Who Mourns for Adonais?
|This article does not cite any references or sources. (March 2012)|
|"Who Mourns for Adonais?"|
|Star Trek: The Original Series episode|
|Episode no.||Season 2
|Directed by||Marc Daniels|
|Written by||Gilbert Ralston
Gene L. Coon
|Featured music||Fred Steiner|
|Cinematography by||Jerry Finnerman|
|Original air date||September 22, 1967|
|List of Star Trek: The Original Series episodes|
"Who Mourns for Adonais?" is a second season episode of the original science fiction television series Star Trek. It is episode #31, production #33, first broadcast September 22, 1967, and repeated May 10, 1968. The allusion is to the 1821 elegy Adonais by Percy Bysshe Shelley. It was written by Gilbert Ralston and Gene L. Coon, and directed by Marc Daniels.
On stardate 3468.1, the Federation starship USS Enterprise, under the command of Captain James T. Kirk, is nearing orbit of Pollux IV, a Class M planet, for a survey. Suddenly, a huge energy field in the shape of a glowing green hand appears and grabs the Enterprise; halting its movement. Kirk tries to wriggle the ship free of the hand by using the ship's impulse engines, but to no avail.
A humanoid apparition, wearing a golden laurel wreath on its head, appears on the bridge viewscreen and addresses the ship's crew as his "beloved children." The words of the figure boom with a godlike presence, and he seems impressed with the human species for finally making their way into deep space. Kirk demands that the ship be set free, but the being responds by tightening the grip, threatening to crush the ship. Kirk backs off, and then the apparition invites them down to the planet, all except for First Officer Spock, whose pointed ears remind him of Pan's annoying nature.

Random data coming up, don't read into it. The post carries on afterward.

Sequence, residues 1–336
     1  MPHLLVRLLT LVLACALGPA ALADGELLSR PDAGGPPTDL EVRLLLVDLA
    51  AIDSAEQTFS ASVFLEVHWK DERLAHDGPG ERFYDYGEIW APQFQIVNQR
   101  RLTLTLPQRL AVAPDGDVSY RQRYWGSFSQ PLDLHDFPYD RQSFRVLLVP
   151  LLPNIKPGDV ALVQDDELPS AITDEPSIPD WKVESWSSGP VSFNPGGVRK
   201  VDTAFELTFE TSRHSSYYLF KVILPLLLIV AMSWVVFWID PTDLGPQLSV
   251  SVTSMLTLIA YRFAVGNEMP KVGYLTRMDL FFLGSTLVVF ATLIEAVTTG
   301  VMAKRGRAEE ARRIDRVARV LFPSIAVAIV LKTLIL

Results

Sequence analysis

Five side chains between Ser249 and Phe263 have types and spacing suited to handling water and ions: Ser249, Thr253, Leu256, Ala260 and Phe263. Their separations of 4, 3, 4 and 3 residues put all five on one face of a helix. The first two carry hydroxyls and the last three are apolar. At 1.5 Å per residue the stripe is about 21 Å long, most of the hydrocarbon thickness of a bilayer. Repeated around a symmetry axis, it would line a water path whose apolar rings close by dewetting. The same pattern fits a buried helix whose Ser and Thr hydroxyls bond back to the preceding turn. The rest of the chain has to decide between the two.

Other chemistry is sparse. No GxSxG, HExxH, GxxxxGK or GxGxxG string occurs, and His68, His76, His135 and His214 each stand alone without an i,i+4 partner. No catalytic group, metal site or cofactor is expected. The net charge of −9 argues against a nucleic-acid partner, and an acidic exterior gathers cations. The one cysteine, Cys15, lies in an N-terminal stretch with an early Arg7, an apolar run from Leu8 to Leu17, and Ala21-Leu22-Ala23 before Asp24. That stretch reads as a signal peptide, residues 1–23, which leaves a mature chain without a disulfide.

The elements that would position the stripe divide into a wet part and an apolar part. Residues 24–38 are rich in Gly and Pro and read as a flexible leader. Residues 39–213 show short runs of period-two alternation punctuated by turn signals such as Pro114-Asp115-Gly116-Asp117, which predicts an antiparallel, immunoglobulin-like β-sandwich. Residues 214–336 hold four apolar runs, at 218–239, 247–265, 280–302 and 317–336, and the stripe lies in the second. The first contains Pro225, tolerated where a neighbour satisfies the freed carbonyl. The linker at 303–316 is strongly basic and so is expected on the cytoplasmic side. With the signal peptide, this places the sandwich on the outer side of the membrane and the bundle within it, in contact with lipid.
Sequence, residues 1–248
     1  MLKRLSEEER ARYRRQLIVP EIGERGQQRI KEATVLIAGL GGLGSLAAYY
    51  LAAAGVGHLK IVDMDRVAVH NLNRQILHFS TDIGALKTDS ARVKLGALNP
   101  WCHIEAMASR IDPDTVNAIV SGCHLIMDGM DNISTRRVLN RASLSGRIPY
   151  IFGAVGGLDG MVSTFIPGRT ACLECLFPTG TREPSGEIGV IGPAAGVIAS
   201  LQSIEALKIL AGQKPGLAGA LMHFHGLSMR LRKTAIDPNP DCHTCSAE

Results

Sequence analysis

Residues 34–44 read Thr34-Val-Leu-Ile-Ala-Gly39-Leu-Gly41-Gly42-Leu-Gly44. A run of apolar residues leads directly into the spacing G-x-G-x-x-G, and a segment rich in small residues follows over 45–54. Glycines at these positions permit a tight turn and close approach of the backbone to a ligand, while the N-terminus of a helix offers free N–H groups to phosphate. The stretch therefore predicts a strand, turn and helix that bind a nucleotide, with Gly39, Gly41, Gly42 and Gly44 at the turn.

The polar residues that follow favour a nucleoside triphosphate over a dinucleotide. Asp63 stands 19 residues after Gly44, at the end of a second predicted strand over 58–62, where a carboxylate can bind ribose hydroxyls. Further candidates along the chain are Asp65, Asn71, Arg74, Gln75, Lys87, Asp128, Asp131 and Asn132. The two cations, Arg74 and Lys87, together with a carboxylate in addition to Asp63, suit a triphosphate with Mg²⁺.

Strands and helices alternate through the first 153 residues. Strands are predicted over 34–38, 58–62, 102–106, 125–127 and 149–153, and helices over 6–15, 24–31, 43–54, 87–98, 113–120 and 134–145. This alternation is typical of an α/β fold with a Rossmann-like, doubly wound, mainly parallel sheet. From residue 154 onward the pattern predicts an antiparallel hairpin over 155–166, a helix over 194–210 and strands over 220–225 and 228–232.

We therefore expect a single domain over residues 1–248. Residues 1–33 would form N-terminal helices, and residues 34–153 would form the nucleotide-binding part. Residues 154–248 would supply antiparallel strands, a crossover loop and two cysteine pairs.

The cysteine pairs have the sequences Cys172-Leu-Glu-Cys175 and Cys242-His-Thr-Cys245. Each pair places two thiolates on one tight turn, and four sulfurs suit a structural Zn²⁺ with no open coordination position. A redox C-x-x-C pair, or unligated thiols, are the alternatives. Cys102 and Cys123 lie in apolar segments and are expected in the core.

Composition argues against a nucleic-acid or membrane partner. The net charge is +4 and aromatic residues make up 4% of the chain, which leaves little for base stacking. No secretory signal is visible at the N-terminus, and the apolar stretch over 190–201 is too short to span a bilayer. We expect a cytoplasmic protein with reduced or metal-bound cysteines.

Kirk leads a landing party that also includes Chief Medical Officer Dr. McCoy, Chief Engineer Scott, Ensign Chekov, and Lieutenant Carolyn Palamas (Leslie Parrish) (who specializes in archaeology and anthropology, and for whom Mr. Scott shows increasing affection). The team arrives in what appears to be an ancient garden from Mount Olympus, complete with marble columns and Greek statues. They soon encounter an attractive male being dressed in a short chiton. The humanoid identifies himself as the god Apollo (Michael Forest). He informs the party that he will not allow them to leave, and renders the team's communicators and transporter room unfunctional. He indicates that he wants the crew of Enterprise to settle Pollux IV, to serve and worship him as their god. Kirk refuses.
Annoyed, Apollo grows to a gigantic height as a show of his awesome power, but his attention shifts toward Carolyn, which angers Mr. Scott. Apollo admires her beauty, and the lady seems flattered as he takes her hand. Scott steps forward to defend her against Apollo's advances, but Apollo destroys his weapon then transforms the Lieutenant's uniform into a revealing peplos and announces he will take her as his consort and the mother of the thousands of gods he wishes to sire. Scotty protests again, but Apollo repels him with an electrical shock.
After this display of his power, Apollo appears drained, retiring with Carolyn to another area of the planet, which leads Kirk to the idea that he needs time to recuperate. McCoy scans Apollo, discovering that though appearing essentially normal he has an extra organ in his chest, which McCoy cannot identify, though he guesses it has something to do with the alien's powers. Kirk schemes a plan to provoke Apollo to test the limits of his power, and perhaps weaken him enough to allow the landing party to overpower him.
Meanwhile, Carolyn, starry-eyed in love, learns that Apollo belonged to a group that were god-like, though not in the sense that the ancient Greeks believed them to be. Kirk and McCoy conclude that he is indeed the real Apollo, but was part of a group of powerful aliens that visited Earth 50 centuries ago, and thrived on the love, worship, loyalty and attention of the ancient Greeks. Eventually all of the aliens, with the exception of Apollo, realized that humanity no longer worshiped them. They spread themselves "upon the wings of the wind" and faded away into nothing.